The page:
In the 1960s and ‘70s, fans queued outside concert halls, mostly in Chennai, to listen to Paluke Bangaaramaayena, a 14th century krithi in praise of Lord Ram. In Mangalampalli Balamuralikrishna’s voice, the piece lifted from being just an ode in raag Anandbhairavi and Adi tala to a conversation with one’s soul. With the gamakas in place, the soft yet throaty alaaps finding a chemistry with the tanpura, new historical dimensions were being found and etched.
But it was on the morning of August 15, 1988, that people in other parts of the country began to tune in, humming ‘Isaindhal namm, iruvarin suramum, namadhakum’, the Tamil section of Lok Seva Sanchar Parishad’s famous milestone ‘Mile sur mera tumhara’, telecast on Doordarshan. The endearing M Balamuralikrishna, who sang this part along the Bay of Bengal, became a household name.
On Tuesday, a voice that invoked the purity of the swara, wasn’t bound by conservative classical traditions, that traversed three octaves with remarkable ease, went back to the ocean it came from. Balamuralikrishna died at his Chennai residence. He was 86.
“There are musicians who flow along the current of the wave that music is. But there are those who create a change in the wave.
Balamuraliji was the latter. By far,” said veena player and Lalgudi Jayaraman’s niece Jayanthi Kumaresh.
She calls him “a prolific scholar, singer, guru, but most of all a game changer” for bringing the difference in the way people looked at Carnatic music. Balamuralikrishna threw light on voice culture and pronunciation and didn’t go by the beaten path of singing the already composed krithis. He created his own compositions and sang them. “There is classical music, and then there is the Balamurali music. He had his stamp on every syllable he created,” Kumaresh said.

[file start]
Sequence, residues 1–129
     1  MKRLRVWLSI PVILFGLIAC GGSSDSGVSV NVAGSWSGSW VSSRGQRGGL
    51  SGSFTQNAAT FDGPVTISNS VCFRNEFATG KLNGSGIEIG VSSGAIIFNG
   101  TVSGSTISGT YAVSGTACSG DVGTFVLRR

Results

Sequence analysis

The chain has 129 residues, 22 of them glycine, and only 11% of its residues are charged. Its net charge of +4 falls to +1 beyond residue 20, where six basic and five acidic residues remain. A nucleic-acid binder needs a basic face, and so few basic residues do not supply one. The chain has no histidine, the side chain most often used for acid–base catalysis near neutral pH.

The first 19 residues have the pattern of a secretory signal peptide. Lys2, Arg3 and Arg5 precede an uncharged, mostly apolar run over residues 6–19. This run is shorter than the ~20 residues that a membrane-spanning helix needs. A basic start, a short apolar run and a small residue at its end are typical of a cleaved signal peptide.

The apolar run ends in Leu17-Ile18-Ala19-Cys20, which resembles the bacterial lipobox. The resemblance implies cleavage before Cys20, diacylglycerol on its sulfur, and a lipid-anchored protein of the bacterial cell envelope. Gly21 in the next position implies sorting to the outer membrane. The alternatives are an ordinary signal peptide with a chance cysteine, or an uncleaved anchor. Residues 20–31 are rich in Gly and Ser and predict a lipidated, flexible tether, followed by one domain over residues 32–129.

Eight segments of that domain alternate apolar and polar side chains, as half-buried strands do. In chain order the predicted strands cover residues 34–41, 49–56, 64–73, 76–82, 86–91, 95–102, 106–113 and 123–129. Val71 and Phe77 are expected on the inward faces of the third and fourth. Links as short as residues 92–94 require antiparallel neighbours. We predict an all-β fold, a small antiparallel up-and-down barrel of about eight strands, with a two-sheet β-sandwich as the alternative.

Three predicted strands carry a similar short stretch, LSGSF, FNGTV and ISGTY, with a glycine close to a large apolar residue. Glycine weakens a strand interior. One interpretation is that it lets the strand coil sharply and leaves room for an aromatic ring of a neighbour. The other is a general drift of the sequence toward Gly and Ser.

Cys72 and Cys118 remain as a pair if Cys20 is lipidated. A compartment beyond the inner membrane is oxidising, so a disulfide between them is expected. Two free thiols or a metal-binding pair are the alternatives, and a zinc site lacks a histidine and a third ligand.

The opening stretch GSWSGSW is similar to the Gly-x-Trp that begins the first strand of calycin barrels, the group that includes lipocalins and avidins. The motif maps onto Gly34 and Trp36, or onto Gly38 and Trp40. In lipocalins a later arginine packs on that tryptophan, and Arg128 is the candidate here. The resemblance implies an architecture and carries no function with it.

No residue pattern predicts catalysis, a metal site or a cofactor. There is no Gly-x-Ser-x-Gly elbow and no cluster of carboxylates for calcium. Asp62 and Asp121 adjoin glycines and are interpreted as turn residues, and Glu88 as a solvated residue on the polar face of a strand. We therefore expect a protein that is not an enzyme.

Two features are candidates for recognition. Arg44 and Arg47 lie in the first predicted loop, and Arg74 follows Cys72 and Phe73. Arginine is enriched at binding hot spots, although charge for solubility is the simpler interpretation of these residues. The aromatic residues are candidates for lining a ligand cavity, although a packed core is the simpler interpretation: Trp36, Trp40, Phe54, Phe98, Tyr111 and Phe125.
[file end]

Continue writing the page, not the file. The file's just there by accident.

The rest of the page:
Carnatic vocalist Aruna Sairam was always awed by the krithis created in unknown ragas, sometimes his own ragas. “His was a free mind — his music wasn’t pocketed into any particular set-up. Also, he was aware of the knowledge he was sitting on. It was because there was his childlike approach that made everything sound effortless. Carnatic music has lost a pillar, a giant,” Sairam said.
Born in Sankaraguptam in Andhra Pradesh to parents who were musicians, Balamuralikrishna began learning Carnatic classical music under Parupalli Ramakrishnayya Pantulu. He was soon declared a child prodigy after his concert at the age of seven at Thyagaraja Aradhana, Vijayawada. He turned composer at 14 and knew all the 72 melakartha ragas, which form the backbone of Carnatic classical system. And thus began a journey which reached a point where even the common man could appreciate his music.
Kuchipudi legend Raja Reddy, who has danced to a host of thillanas by Balamuralikrishna, said that it is difficult to come to terms with losing such a scholar. “It was enriching to dance to his thillanas — an artiste contributed so beautifully to my art form,” he said.
What was interesting about Balamuralikrishna was that he approached music beyond the externally constructed limitations. Tradition was merely the grammar of music and not something that constrained him. One could not box his music into a Hindustani music or Carnatic music. Which is why he recorded Tagore in Bengali, sang in French, tried jazz and did regular jugalbandis with Kishori Amonkar and Hariprasad Chaurasia.
Then there was the iconic jugalbandi with Bhimsen Joshi. While Joshi was a fast-cars fanatic, Balamuralikrishna enjoyed casinos. Musically, there was more common ground. The two knew they were geniuses. “His was a life dedicated to music. He was a genius in the true sense of the word. Today, we apply the word genius far too easily. But he was one of those few who deserved the nomenclature,” says Sairam.
Bharatanatyam exponent Yamini Krishnamurthy remembers her friend fondly. “He came to my place in Adiyar and we spoke for hours. I even performed to some of his compositions. The music came to him with great force.”